The official route map for the 209-mile (336km) northern part of the Pennine Cycleway on National Cycle Network Route 68 from Settle to Berwick-upon-Tweed.
This linear map shows the route and immediate surrounding area over a series of separate map panels. The full colour map based on Ordnance Survey data shows clearly mapped cycle routes on traffic-free paths, quiet lanes and roads, with easy to read contours, route profiles and mile markers. Also features detailed inset maps for the major towns and cities, tourist info and cycle shop and hire information, and other local routes.
The northern part of the Pennine Cycleway takes in some of the most spectacular landscapes and unspoilt countryside that England has to offer. The ride between Settle in North Yorkshire and Berwick-upon-Tweed on the border between England and Scotland takes you past over 60 tourist attractions, 85 villages and towns, national landmarks such as Hadrian’s Wall and the Northumberland National Park, not to mention the Eden Valley, the dramatic North Pennines, and the South Tyne Valley.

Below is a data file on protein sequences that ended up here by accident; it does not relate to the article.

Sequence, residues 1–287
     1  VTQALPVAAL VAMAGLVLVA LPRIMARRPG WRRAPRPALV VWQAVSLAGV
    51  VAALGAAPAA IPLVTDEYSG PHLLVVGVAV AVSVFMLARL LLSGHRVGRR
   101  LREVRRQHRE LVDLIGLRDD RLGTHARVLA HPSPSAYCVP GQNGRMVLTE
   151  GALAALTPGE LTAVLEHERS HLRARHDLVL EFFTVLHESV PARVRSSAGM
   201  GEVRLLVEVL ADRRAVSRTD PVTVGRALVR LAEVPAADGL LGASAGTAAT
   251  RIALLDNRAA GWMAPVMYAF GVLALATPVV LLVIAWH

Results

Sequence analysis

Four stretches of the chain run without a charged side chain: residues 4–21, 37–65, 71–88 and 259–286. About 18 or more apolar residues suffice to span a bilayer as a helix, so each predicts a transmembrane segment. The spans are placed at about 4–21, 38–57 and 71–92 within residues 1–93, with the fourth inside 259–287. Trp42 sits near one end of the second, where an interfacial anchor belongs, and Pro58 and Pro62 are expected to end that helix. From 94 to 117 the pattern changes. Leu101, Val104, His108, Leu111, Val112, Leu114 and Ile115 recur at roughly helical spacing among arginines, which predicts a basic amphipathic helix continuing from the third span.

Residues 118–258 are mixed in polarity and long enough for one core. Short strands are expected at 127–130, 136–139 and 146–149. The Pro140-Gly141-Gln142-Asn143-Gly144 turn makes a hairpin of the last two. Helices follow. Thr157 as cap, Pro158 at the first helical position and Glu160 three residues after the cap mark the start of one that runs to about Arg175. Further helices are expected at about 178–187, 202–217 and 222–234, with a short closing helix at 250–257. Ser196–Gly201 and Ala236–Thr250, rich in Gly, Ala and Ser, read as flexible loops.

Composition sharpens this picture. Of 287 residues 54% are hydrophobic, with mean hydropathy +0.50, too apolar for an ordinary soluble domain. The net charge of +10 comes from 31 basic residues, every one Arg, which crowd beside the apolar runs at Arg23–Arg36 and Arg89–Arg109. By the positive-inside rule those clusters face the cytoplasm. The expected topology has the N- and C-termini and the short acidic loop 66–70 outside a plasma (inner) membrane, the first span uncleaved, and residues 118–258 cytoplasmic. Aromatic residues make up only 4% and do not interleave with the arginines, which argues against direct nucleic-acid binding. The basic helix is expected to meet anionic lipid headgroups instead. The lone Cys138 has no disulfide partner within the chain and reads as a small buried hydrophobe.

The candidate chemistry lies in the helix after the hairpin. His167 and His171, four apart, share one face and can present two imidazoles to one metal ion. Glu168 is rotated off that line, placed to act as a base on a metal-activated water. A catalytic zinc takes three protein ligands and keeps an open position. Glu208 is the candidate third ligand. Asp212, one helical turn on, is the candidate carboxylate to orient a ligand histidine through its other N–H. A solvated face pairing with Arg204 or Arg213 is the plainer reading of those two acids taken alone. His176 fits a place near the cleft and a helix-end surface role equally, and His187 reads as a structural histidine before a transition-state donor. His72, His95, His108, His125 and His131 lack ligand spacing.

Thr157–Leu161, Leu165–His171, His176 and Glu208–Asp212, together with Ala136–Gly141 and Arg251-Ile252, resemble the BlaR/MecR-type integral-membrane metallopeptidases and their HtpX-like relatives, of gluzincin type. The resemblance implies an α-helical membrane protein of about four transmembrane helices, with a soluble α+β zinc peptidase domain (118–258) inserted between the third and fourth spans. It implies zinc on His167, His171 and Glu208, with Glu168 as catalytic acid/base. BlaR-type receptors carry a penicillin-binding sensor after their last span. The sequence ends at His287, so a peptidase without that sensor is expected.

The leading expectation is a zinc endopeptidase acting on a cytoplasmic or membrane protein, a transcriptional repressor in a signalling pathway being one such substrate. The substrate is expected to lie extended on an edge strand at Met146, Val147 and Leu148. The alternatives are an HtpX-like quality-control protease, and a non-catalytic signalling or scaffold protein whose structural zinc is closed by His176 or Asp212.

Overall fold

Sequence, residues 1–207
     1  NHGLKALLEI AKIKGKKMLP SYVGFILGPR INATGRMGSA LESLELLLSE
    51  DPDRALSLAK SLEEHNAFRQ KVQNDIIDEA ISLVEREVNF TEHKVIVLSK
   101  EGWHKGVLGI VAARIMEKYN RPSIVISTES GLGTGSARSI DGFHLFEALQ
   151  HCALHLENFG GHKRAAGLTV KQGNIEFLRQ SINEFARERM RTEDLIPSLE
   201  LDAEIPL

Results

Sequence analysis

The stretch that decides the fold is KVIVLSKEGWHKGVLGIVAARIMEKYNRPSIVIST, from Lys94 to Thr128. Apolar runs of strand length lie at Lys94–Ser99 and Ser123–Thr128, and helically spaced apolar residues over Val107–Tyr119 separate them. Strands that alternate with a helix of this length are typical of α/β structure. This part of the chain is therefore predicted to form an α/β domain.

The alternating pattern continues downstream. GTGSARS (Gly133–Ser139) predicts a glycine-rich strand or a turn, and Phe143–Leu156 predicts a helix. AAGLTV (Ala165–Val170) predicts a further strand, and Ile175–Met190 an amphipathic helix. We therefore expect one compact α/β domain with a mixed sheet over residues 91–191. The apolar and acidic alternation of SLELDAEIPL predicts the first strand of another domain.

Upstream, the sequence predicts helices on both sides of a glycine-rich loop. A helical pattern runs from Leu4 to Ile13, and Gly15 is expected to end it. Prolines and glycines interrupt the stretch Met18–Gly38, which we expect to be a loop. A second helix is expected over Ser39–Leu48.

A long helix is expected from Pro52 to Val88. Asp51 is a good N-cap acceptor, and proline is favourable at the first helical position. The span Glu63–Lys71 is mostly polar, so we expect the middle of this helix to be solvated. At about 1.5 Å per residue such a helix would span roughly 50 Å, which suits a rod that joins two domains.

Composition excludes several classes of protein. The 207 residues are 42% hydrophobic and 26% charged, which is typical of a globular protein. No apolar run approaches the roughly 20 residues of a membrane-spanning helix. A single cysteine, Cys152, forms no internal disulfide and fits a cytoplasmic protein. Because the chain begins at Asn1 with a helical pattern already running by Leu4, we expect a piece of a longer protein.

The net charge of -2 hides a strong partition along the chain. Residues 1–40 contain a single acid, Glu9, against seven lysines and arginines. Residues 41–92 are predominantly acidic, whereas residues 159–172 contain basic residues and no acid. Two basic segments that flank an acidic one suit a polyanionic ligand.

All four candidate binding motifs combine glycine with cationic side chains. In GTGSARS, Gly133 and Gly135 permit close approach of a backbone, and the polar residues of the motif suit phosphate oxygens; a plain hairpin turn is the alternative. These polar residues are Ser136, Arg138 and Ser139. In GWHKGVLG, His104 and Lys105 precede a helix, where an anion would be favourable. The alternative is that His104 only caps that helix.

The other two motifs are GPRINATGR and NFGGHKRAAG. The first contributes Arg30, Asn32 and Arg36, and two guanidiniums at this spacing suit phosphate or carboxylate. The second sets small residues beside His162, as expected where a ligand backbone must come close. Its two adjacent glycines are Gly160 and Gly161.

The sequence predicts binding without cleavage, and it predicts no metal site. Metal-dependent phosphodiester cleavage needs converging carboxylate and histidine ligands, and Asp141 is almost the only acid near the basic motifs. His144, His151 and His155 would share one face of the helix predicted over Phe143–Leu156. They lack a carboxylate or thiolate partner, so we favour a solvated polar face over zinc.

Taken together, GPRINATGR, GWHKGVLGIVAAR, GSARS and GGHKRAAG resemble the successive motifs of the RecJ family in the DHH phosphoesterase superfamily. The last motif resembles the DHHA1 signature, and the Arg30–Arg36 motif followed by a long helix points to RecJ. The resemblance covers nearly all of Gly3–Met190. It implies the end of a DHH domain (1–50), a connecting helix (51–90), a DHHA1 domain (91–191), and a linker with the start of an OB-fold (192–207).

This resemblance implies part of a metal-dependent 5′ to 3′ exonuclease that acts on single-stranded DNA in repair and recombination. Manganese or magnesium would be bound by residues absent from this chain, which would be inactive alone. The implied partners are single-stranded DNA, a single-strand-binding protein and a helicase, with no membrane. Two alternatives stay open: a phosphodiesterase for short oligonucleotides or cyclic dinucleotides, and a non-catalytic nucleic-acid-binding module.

Starting in historic Settle with its famous square, home to Ye Olde Naked Man which is believed to be the oldest café in the country, you enter the Yorkshire Dales National Park and ride through its western region with its glorious countryside of deep, grassy valleys and limestone crags. The Dales end at Appleby-in-Westmorland, and you are immediately in the North Pennines AONB. At Alston you pick up the River South Tyne and ride to Haltwhistle where you can visit one of the most spectacular and complete sections of Hadrian’s Wall, before entering the fringes of Kielder Forest, the largest man-made woodland in England. Bellingham on the banks of the River North Tyne is known as the gateway town to Kielder Water and Forest, and from here you ride across Northumberland National Park to the small town of Wooler which, in turn, is known as the Gateway to the Cheviots.
A final, comparatively flat section then follows and the route ends on the magnificent Northumberland Coast (another AONB) at Berwick-upon-Tweed, the northernmost town in England – or southernmost town in Scotland depending which period of history you are looking at, as it changed hands 13 times before finally falling into English hands in 1482, and the town’s Elizabethan walls were built to finally keep out invading Scots.